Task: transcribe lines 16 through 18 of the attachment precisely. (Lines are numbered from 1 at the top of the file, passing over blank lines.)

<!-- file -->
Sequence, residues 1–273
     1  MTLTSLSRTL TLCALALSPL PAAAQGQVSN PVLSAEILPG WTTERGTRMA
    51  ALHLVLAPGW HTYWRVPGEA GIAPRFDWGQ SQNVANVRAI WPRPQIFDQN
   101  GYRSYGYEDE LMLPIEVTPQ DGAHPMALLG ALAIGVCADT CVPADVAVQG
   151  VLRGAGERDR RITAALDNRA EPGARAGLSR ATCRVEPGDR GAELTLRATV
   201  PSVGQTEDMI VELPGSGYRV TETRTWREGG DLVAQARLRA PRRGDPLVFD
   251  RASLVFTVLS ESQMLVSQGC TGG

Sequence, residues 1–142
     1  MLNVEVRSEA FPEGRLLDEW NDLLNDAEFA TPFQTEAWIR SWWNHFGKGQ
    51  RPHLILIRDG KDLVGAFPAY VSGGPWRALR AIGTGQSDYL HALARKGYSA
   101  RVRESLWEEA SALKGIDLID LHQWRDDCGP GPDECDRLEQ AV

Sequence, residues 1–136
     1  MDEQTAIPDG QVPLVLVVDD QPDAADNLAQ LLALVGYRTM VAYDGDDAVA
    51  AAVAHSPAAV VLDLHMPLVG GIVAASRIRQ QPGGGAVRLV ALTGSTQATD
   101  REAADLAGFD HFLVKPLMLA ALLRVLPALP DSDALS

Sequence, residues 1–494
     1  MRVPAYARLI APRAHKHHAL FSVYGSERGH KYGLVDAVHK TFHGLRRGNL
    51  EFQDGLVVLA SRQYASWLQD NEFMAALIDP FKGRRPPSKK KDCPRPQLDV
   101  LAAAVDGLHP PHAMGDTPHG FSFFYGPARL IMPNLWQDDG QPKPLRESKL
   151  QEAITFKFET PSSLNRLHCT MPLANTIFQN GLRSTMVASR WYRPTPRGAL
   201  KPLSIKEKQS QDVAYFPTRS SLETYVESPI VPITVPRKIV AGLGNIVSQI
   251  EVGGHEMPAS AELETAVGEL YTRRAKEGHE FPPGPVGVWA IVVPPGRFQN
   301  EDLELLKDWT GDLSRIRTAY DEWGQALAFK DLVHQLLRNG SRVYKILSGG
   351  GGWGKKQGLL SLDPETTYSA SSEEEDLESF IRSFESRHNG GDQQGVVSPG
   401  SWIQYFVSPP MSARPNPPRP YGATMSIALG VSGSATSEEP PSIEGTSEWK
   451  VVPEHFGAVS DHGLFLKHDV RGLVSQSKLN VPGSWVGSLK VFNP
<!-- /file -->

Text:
Sequence, residues 1–494
     1  MRVPAYARLI APRAHKHHAL FSVYGSERGH KYGLVDAVHK TFHGLRRGNL
    51  EFQDGLVVLA SRQYASWLQD NEFMAALIDP FKGRRPPSKK KDCPRPQLDV